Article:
City, county on collision course?
If the city’s and the county’s new general plans disagree, whose will trump whose?
That’s not an idle question. Butte County has been working on its new plan for a year, and the county Board of Supervisors already has made some decisions that could limit the city’s choices when it comes to growth.
Chico is just getting started on its plan. Mayor Andy Holcombe welcomed about 70 people to the Elks Lodge Saturday morning (Dec. 8) for the inaugural “visioning” workshop. The first thing he noted was that the county was also writing a new 2030 general plan and that the city and county would be working together to synchronize their products.
His announcement had a warm and fuzzy feel, but synchronization could turn out to be more difficult than he was letting on.
Chico is running out of room to grow. As Supervisor Jane Dolan recently acknowledged during a phone interview, “The city is in a very tough spot. It might be reaching its holding capacity.”
It’s constrained from growing to the west by the Greenline protecting prime farm land, but the east side is problematic, too. It’s got endangered-species issues, and many residents want to protect the foothills “viewshed.” Vice Mayor Ann Schwab has even called for an eastside “gold line” beyond which development cannot go.
Partly as a result of these constraints, the city has looked north, toward areas around the airport, for more developable land, with some success. But the airport, with its need for safe flyover space, has provided its own constraints.
That leaves the land south of town, along Highway 99 near the Southgate industrial area, and in Nance Canyon, a huge area south of the Skyway and east of the freeway. The worry is that this will create sprawl along the Highway 99 corridor, contrary to established policies promoting compact urban development.
In 2003, the City Council asked planning staff to analyze the areas where growth could go in and around Chico. In addition to several infill areas such as the Diamond Match property, the planners identified four areas just outside the Greenline to be studied further.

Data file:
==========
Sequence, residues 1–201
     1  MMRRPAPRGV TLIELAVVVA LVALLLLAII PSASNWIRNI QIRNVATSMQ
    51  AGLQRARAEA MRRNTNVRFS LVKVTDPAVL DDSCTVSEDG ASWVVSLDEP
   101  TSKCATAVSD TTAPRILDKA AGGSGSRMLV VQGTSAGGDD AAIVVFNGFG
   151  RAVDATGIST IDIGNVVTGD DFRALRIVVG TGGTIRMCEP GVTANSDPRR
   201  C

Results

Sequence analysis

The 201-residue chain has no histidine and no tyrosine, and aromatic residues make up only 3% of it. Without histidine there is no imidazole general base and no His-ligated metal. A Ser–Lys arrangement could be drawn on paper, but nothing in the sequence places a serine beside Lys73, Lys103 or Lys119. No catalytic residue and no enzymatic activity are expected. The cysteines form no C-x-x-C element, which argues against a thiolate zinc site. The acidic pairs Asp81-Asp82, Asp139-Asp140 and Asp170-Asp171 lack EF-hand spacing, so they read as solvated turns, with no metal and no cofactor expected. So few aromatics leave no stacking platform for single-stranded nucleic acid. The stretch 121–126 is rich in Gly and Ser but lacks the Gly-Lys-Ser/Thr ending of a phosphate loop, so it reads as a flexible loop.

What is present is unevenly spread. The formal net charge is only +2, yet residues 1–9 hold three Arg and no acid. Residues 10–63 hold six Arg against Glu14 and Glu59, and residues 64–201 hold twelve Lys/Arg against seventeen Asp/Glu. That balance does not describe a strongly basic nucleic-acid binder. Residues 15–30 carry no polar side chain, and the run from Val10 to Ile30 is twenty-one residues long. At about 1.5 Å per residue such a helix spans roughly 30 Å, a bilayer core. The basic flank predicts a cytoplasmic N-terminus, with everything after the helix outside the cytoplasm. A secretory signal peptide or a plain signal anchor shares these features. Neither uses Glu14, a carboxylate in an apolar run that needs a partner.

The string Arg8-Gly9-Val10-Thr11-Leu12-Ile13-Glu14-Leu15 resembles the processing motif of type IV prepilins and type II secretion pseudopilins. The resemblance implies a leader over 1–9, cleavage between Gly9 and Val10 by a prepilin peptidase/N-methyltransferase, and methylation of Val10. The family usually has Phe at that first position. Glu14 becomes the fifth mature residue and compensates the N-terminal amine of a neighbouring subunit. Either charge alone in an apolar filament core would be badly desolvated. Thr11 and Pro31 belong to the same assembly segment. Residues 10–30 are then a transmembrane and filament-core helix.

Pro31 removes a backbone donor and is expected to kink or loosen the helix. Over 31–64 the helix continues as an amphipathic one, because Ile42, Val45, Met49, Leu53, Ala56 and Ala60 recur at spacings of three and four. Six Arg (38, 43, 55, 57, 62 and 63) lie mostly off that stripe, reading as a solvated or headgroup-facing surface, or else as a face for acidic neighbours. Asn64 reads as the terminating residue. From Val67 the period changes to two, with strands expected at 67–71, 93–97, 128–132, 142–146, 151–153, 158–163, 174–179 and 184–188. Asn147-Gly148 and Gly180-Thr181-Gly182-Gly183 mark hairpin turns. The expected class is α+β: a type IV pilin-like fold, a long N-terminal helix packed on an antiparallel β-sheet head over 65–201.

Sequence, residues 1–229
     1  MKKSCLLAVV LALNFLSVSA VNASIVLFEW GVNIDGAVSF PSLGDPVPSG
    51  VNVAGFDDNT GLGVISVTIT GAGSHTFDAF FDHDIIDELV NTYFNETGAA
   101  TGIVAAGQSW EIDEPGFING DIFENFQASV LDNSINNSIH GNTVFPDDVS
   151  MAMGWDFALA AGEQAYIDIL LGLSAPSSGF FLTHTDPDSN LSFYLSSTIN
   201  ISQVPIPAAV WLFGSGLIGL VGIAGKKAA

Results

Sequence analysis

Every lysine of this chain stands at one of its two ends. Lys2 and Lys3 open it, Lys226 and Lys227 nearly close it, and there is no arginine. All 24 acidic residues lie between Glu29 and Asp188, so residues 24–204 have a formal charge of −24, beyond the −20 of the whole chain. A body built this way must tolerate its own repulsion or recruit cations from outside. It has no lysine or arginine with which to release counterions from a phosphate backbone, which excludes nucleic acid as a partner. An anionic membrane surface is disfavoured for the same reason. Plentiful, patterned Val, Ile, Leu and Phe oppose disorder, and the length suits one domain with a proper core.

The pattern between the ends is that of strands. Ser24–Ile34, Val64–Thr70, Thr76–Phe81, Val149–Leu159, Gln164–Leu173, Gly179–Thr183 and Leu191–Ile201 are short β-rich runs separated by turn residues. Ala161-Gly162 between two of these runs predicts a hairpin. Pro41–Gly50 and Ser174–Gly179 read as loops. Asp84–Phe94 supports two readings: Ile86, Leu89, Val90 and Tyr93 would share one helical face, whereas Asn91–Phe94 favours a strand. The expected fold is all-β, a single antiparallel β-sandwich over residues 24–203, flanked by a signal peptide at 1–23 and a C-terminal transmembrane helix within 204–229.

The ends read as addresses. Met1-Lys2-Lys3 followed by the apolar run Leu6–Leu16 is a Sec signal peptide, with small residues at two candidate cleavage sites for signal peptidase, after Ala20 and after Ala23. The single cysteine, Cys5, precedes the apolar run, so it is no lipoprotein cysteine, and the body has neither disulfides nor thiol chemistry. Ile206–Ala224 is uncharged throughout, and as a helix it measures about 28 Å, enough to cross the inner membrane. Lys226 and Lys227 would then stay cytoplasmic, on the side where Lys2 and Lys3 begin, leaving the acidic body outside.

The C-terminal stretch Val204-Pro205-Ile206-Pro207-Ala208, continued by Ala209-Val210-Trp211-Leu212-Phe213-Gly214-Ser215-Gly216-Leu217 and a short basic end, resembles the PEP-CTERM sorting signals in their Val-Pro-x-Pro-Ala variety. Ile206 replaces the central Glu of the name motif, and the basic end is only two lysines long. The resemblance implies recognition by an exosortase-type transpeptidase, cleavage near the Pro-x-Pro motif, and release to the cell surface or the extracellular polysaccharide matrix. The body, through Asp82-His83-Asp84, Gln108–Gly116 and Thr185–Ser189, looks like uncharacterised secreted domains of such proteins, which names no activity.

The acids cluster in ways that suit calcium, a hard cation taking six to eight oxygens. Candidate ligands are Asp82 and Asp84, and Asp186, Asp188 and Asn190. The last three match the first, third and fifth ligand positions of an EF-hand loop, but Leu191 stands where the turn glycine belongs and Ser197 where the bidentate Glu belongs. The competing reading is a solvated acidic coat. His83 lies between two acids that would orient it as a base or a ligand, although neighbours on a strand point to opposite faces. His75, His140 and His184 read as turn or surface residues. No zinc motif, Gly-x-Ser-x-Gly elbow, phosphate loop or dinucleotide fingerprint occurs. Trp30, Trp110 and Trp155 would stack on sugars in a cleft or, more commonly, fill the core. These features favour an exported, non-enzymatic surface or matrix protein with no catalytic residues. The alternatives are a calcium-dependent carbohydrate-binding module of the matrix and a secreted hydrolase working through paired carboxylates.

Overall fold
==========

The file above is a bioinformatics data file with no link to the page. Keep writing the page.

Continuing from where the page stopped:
One was the Bell-Muir area between Henshaw Avenue and Bell Road in northwest Chico (Study Area 3). Consensus has long been that this hodge-podge of orchards, ranchettes and homes will be developed eventually. Even Dolan, the midwife of the Greenline, agrees.
On Nov. 27, she made no effort to keep Bell-Muir from being included in the county’s general plan as a “study area.” But when it came to the other three areas the city had designated, she put her foot down. “You leave it on the table, you create expectations,” she explained.
The vote was unanimous on all three, Supervisor Maureen Kirk said. “It was just understood that we weren’t going to alter the Greenline.”
Of the three areas, two were more feasible than the third. One, the so-called Mud Creek area (Study Area 4), is 541 acres immediately north of Bell-Muir and west of the Northwest Chico Specific Plan area now being developed.
The land, which is planted in orchards, is conveniently bordered by Mud Creek on the north and Highway 32 on the west. There are only two property owners, which would make it easy to plan its development. Bell-Muir, in contrast, has more than 100 landowners, a nightmare for reaching agreement on a plan.
Dolan doesn’t care that the Mud Creek area “looks nice on a map.” She’s not about to let those trees be uprooted.
The second area (Study Area 5) is 170 acres between Dayton Road and the Union Pacific tracks immediately south of town. Although the area is bordered by the Stanley Park subdivision on the south, Dolan believes it should remain as farm land.
“I don’t think because we made a mistake [approving Stanley Park] 50 years ago we should compound it today,” she explained.
Besides, she added, we shouldn’t put more houses on the west side of the railroad tracks until overpasses are built that allow emergency vehicles to get through even when a train is there.
The properties are in the city’s sphere of influence, so ultimately the city and the landowners will make the decision on whether to develop them. Whether they will do so in the face of opposition from Dolan and her many political allies, however, is doubtful. Sometimes politics trumps a general plan.
Interestingly, the supervisors did not cut Nance Canyon from the list of county study areas. Asked why, Kirk responded, “It was left in because it wasn’t behind the Greenline.”